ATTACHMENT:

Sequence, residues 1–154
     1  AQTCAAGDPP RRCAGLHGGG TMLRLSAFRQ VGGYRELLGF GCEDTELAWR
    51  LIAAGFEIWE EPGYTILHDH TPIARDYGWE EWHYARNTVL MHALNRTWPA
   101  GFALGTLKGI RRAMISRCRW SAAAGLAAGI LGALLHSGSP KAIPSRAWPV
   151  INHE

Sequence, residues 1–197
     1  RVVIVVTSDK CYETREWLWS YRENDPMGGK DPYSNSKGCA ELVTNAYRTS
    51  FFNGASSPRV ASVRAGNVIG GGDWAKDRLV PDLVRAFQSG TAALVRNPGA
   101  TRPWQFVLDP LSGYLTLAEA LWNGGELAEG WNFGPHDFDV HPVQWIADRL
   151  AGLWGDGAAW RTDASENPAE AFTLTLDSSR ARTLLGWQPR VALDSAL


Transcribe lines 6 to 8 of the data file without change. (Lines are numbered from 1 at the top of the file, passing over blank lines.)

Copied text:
Sequence, residues 1–197
     1  RVVIVVTSDK CYETREWLWS YRENDPMGGK DPYSNSKGCA ELVTNAYRTS
    51  FFNGASSPRV ASVRAGNVIG GGDWAKDRLV PDLVRAFQSG TAALVRNPGA